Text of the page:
Tax - Autumn Statement 2022

Impact on Businesses

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In the Autumn Statement, the Chancellor, Jeremy Hunt announced several measures which may impact businesses from Small and Medium Enterprises (‘SME’s) to Multinational Enterprises (‘MNE’). The key messages in the Autumn Statement announcement are outlined here

Research and Development (‘R&D’)

The Chancellor has outlined a reduction in the benefit of R&D tax relief as part of a strategy to tackle an increase in fraudulent claims by SME’s. The SME regime will now provide an additional deduction of 86%, down by approximately one third from the original 130%.

The opportunity to surrender R&D losses for a cash payment has received a similar cut, reducing from 14.5% to 10%. The headline result may appear worse than the reality, as Corporation Tax rates are increasing to 25%, meaning the net benefit for profitable businesses may only be reduced by 14%.

Conversely, the large company R&D scheme, otherwise known as R&D Expenditure Credit (‘RDEC’), received a boost with the headline rate going from 13% to 20%. Due to the mechanics of this scheme (effectively a grant which is taxed), it was expected that the benefit would reduce in value as the headline Corporation Tax rate increased.  However, these changes mean the effective rate of benefit on qualifying expenditure will increase from 10.53% to 15%, a significant improvement.

Capital Allowances

Following the announcement in Septembers ‘Mini-Budget’ that Annual Investment Allowance, which was due to reduce to £200k from April 2023, would remain permanently at £1m, coupled with the expectation that this allowance would cover the investment expenditure of most of the UK's businesses, it is not surprising the Capital Allowances was not a main feature of the Autumn Statement.

The Chancellor did announce that the Spring Finance Bill 2023 will extend the 100% First Year Allowance for electric vehicle charge points to 2025.

Employers National Insurance Contributions (‘NIC’) and Employment Allowance

The current employers NIC threshold, at which employers start to pay Class 1 Secondary NICs, is to be frozen at £9.1k until 2028.

In addition, the Employment Allowance, which was previously increased from £4k in April 2022, will be retained at £5k until March 2026.  This allowance reduces the annual national insurance liability of many companies by up to £5k and means that 40% of businesses do not pay NIC’s while the largest employers contribute the most.

Global minimum Corporation Tax rate

The Government will also implement rules for a global minimum Corporation Tax rate of 15%, for accounting periods beginning on or after 31 December 2023.  The rules will apply to large businesses operating in the UK with global revenues over €750m.  This legislation will require large UK headquartered multinational groups to pay a top-up tax where their foreign operations have an effective tax rate of less than 15%.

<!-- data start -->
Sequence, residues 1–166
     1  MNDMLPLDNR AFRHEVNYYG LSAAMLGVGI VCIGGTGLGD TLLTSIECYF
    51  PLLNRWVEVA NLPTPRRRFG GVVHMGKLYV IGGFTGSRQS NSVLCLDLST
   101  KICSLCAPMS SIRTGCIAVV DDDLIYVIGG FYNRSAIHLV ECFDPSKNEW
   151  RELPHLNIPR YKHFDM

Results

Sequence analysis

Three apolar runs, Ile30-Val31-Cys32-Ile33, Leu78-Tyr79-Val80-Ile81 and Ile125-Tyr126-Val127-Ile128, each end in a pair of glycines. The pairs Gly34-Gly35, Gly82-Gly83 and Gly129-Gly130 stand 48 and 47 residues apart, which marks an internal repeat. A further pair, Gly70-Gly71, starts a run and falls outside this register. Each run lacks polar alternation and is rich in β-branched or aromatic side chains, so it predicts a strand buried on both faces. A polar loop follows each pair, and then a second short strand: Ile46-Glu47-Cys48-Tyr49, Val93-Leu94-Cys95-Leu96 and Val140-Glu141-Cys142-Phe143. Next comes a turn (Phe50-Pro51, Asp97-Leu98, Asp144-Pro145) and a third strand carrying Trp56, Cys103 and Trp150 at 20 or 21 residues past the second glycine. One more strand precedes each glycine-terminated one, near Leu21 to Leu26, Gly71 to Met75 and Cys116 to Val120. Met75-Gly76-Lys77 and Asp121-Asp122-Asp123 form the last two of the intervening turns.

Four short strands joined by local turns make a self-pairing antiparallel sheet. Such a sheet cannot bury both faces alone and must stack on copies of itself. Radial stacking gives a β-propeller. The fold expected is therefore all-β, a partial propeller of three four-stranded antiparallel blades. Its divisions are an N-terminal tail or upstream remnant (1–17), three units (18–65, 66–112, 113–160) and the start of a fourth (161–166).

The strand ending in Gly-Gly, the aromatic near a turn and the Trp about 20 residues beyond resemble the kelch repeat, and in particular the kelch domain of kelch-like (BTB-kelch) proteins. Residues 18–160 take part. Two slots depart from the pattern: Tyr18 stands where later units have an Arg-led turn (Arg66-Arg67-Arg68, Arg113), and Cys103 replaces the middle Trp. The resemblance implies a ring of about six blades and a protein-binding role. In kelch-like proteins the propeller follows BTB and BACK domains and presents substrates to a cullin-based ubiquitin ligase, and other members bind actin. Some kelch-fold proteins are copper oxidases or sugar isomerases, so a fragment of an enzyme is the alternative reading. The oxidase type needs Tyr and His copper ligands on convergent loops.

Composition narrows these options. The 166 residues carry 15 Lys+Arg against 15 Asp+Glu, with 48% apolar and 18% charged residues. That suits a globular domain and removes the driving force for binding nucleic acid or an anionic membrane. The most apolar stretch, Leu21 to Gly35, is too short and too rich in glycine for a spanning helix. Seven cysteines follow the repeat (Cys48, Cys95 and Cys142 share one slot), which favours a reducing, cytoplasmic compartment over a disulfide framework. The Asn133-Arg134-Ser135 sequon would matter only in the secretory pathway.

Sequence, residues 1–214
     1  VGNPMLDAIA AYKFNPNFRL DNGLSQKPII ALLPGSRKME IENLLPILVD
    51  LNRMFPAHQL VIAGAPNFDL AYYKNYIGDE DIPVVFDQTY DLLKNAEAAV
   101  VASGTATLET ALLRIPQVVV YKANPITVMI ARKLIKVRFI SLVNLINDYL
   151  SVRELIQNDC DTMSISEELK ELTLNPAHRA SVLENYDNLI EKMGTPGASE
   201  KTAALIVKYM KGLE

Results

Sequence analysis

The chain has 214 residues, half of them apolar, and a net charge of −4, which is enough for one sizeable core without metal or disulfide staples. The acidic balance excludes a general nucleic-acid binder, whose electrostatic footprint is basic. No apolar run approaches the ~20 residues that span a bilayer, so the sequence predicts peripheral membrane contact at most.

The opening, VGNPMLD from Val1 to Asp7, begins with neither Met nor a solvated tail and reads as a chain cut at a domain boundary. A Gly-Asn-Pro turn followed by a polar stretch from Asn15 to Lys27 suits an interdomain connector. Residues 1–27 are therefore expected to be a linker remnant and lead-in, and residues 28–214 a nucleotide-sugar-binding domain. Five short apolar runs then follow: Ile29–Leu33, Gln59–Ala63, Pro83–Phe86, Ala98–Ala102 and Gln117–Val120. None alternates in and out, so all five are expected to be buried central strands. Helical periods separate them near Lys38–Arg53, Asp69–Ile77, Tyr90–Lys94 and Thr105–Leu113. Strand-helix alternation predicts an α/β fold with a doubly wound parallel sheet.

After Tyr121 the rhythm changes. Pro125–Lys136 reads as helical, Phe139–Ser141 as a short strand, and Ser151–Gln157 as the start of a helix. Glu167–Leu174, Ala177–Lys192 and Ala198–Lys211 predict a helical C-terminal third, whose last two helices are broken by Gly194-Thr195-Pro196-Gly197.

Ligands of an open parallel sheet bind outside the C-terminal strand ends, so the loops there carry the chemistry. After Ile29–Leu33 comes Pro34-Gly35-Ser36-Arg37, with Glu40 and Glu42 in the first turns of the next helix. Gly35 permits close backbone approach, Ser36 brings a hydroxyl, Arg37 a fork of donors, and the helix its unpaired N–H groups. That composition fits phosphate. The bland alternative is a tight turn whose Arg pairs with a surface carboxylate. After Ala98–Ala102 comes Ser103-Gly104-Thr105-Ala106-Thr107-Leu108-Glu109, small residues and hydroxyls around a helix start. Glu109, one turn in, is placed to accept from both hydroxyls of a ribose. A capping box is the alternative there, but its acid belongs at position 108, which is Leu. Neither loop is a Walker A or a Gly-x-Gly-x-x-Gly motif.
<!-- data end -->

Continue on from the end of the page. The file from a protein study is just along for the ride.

It is estimated that these measures will generate revenues of c£8.9bn by 2027/28.

Transfer Pricing Documentation

From April 2023, the UK will adopt the recommendation of the Organisation for Economic Co-operation and Development’s Base Erosion and Profit Shifting project which requires large Multinational Enterprises operating in the UK to follow a standardised approach to transfer pricing documentation, being Master File and Local File requirements.

The announcement, which will be legislated for in the Spring Finance Bill 2023, should give businesses certainty on the appropriate documentation they need to keep and enable HMRC to effectively identify risks and conduct transfer pricing investigations more efficiently.


The VAT registration threshold of £85k and the VAT deregistration threshold of £83k have been frozen until March 2026.


A suspension for two years of tariffs on over 100 goods for imports from outside the EU has also been introduced. The suspension will cover a range of products from ingredients used by food producers to aluminium frames used by bicycle manufacturers.

Online Sales Tax

It has been confirmed that the UK will not introduce an Online Sales Tax due to concerns raised about its potential complexity and the risk of creating unintended distortion or unfair outcomes between different business models.

Investment zones

It was announced in September under Liz Truss’ government that new ‘Investment Zones’ were to be established to encourage investment in specific areas of the UK.  The aim of the zones were to drive fast levels of growth by reducing taxes and removing some of the frustrations of planning frameworks.

The Autumn Statement has announced that the Government will refocus the Investment Zones programme to “the highest potential knowledge-intensive growth clusters”.  Further announcements have been promised in relation to this prior to the Spring Budget.

Energy Profits Levy

As widely predicted, the Chancellor has announced a temporary increase in the rate of the Energy Profits Levy. Between 1 January 2023 and 31 March 2028 the windfall tax rate will increase from 25% to 35%.

A reduction in the investment allowance from 80% to 29% has also been introduced alongside a new decarbonisation allowance, set at 80% for upstream decarbonisation expenditure from 1 January 2023.

It is estimated that the changes to the Energy Profits Levy will raise c£4.6bn to the end of 23/24.

Electricity Generator Levy

A new Electricity Generator Levy has been announced.  This levy is a 45% tax on extraordinary revenues of certain renewable, nuclear and biomass electricity generators.

This measure will be effective from 1 January 2023 to 31 March 2028 and, as a big earner in the Autumn Statement, is expected to generate c£5.1bn by 2023/24.